In this study, the thermal injury behavior of both suspended and attached SN12 human renal carcinoma cells (RCC) under thermal therapy conditions (i.e., heating cells to elevated temperature for seconds to minutes) was investigated using a non-isothermal method. This non-isothermal method entailed heating the cells using a programmable heating stage from room temperature at 130°C min -1 to various peak temperatures from 45 to 70°C, held for 0-10 min, and then cooling down to room temperature at 65°C min -1. It was found that the suspended SN12 cells are more heat susceptible than attached ones. The non-isothermal portions (i.e., the heat-up and cool-down portions) of the thermal histories were found to be able to cause significant injury (> 10%) in both suspended and attached SN12 cells when the peak temperature is above 60°C. Therefore, a non-isothermal method, which accounts for both the isothermal and non-isothermal portions of the thermal histories, was used to extract the kinetic parameters (i.e., the activation energy and frequency factor) in the Arrhenius injury model for SN12 cells. Furthermore, these results suggest that this non-isothermal method can be used to extract kinetic parameters from in vivo heating studies using minimally invasive surgical probes, where it is very difficult to get a thermal history in tissue with a dominant isothermal portion.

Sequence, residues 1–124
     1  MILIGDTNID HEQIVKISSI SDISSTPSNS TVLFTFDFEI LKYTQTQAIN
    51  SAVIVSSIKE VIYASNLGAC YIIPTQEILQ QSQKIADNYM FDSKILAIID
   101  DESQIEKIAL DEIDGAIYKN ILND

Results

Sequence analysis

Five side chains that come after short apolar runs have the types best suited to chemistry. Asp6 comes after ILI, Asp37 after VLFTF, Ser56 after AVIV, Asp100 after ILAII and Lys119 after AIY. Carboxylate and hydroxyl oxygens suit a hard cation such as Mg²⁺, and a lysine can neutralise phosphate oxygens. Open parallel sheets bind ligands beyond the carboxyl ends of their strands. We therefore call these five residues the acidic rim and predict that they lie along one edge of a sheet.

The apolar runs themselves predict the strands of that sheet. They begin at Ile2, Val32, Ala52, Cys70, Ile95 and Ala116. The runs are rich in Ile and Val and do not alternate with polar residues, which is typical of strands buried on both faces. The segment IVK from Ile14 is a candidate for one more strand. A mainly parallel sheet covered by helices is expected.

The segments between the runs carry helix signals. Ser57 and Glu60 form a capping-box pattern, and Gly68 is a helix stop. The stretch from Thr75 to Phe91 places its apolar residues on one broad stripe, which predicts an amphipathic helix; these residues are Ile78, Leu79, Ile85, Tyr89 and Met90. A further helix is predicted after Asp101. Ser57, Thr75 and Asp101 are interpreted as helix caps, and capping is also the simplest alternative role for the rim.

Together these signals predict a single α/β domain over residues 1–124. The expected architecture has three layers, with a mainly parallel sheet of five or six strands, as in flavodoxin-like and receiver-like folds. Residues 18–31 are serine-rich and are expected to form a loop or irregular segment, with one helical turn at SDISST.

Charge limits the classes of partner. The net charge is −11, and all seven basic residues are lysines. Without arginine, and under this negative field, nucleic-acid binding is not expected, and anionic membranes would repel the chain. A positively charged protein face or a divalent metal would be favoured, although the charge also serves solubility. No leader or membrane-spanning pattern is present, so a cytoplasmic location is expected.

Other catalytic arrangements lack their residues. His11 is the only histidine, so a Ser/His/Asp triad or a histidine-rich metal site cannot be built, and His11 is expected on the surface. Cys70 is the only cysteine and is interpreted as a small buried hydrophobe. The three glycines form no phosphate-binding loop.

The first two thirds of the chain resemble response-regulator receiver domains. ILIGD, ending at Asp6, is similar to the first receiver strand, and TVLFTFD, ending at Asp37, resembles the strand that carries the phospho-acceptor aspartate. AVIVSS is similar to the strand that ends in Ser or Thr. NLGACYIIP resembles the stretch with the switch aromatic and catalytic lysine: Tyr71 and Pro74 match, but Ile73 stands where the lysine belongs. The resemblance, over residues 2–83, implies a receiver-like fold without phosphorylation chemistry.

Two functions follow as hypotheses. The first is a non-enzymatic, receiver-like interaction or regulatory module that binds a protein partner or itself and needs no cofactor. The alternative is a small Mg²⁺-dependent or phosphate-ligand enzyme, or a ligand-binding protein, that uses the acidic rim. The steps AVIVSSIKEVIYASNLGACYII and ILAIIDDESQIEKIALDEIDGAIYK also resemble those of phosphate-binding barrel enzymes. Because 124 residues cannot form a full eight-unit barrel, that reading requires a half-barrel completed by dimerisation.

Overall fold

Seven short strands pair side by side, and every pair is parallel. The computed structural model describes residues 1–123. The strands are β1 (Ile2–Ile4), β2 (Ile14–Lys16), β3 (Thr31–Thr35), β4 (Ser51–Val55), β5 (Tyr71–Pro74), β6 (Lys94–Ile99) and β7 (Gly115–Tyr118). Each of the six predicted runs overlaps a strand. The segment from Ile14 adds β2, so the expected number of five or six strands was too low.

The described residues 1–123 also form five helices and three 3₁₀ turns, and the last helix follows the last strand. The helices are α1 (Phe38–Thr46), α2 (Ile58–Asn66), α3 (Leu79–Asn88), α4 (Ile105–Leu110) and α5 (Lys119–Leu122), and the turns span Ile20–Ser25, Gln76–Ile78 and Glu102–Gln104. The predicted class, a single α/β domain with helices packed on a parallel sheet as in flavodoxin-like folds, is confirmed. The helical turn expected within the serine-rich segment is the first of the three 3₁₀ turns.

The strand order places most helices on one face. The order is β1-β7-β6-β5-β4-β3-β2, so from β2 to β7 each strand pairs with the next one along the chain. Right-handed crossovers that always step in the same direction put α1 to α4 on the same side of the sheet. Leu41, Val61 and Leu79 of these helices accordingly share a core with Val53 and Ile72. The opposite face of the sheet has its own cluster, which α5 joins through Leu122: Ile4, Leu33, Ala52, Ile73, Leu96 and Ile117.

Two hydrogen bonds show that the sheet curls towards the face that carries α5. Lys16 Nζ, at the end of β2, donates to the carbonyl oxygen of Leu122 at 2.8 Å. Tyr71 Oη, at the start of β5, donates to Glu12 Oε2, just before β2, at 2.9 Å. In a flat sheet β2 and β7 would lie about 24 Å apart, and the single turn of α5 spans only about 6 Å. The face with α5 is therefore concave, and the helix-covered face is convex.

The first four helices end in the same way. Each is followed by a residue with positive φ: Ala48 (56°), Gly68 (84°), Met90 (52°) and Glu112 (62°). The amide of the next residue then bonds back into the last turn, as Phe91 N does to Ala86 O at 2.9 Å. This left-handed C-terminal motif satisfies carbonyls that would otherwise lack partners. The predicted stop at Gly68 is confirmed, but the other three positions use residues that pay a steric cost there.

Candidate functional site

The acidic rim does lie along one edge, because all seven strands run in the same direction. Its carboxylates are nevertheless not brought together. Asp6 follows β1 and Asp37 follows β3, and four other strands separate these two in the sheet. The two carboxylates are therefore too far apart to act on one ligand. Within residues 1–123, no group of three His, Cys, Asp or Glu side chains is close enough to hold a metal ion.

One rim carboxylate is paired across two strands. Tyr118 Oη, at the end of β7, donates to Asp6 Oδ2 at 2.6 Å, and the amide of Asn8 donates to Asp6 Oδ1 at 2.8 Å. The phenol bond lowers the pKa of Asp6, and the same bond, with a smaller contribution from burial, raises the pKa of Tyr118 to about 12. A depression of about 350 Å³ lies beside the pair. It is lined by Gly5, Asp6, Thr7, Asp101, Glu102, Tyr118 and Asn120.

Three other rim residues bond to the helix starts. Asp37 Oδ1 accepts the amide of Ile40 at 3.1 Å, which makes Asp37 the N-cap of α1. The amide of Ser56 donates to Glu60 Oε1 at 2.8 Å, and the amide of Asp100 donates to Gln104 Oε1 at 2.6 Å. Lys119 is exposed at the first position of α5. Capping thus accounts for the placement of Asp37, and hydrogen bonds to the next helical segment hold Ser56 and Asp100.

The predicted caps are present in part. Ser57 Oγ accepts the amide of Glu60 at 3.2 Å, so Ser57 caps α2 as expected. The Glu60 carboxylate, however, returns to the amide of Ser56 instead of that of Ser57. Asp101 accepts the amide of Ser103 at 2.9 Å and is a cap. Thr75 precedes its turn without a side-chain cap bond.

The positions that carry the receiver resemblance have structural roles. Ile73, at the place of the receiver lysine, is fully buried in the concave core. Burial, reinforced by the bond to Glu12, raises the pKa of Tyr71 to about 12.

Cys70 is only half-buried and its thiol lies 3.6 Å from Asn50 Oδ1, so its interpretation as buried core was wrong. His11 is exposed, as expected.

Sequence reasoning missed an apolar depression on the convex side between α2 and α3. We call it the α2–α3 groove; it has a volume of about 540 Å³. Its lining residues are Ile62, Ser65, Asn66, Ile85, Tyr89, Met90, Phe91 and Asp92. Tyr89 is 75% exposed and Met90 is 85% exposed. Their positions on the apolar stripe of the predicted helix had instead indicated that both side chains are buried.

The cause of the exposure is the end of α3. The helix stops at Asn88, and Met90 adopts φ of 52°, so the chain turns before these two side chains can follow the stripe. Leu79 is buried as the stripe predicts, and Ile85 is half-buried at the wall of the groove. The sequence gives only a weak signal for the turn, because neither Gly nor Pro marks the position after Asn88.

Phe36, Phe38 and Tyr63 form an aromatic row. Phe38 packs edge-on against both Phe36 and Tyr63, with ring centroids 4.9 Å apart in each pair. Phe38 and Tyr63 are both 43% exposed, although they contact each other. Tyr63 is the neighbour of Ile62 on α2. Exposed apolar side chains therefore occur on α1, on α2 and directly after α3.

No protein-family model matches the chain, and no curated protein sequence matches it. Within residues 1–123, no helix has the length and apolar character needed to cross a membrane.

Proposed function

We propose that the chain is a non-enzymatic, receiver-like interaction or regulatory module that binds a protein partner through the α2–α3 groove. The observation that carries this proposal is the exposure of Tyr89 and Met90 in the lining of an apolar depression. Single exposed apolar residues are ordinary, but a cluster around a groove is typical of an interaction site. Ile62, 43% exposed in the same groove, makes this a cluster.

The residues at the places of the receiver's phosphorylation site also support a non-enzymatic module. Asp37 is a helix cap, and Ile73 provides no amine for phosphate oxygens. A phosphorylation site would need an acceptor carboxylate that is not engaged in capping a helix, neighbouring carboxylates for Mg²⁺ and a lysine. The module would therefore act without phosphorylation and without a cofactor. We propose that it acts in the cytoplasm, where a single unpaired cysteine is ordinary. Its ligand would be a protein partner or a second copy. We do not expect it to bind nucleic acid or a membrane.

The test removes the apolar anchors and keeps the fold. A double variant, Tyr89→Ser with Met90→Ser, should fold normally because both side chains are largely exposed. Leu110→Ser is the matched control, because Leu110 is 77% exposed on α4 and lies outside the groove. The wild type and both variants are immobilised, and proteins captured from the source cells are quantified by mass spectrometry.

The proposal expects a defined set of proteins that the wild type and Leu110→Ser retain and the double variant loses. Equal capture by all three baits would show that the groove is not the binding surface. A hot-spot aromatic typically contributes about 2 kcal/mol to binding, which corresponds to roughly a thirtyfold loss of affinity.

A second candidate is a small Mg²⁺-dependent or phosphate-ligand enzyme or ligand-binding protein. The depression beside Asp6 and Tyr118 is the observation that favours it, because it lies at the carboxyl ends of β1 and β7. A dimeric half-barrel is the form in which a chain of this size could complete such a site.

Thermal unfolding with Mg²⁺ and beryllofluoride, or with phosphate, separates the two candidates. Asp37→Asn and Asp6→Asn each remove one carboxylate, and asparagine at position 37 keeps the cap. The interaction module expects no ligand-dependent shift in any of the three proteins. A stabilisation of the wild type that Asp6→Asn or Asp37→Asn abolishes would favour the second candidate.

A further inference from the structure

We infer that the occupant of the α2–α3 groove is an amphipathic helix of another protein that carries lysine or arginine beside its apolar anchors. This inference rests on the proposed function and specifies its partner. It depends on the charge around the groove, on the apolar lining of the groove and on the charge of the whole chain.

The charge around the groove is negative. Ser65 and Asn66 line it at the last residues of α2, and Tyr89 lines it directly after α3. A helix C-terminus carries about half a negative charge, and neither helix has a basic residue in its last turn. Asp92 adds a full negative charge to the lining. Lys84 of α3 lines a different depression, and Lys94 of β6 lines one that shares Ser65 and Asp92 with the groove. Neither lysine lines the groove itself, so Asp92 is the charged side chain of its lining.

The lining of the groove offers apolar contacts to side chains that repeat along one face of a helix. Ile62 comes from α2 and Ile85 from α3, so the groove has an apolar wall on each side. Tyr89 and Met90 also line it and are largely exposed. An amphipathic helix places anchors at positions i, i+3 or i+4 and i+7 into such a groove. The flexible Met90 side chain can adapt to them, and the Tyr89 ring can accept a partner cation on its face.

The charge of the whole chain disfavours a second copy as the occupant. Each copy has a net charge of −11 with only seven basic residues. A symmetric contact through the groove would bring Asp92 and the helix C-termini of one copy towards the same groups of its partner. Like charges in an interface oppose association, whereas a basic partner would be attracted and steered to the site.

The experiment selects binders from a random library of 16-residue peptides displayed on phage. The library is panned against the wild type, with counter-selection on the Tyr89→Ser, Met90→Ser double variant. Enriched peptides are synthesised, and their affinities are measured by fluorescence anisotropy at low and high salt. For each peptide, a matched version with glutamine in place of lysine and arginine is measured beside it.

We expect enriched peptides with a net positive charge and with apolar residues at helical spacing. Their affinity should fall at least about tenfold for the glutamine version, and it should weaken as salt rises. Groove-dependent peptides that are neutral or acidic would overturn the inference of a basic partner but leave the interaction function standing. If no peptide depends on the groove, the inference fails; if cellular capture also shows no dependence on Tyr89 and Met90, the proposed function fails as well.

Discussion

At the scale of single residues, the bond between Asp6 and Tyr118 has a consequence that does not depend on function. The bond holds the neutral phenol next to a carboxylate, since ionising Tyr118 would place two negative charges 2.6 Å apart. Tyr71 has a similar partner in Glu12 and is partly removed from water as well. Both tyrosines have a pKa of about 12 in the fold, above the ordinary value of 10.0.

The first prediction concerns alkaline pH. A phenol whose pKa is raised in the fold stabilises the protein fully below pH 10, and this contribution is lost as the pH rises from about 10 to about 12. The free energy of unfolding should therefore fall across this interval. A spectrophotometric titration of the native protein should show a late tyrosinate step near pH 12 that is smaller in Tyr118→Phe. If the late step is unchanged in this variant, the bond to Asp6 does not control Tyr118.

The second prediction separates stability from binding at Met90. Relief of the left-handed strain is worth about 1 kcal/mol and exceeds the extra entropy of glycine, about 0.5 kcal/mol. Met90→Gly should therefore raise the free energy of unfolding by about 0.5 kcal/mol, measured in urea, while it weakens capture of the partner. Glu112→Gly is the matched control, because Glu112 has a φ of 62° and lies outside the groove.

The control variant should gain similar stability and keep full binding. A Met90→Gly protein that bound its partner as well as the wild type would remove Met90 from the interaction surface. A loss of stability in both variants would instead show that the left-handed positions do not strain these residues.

- Cell injury
- Thermal therapy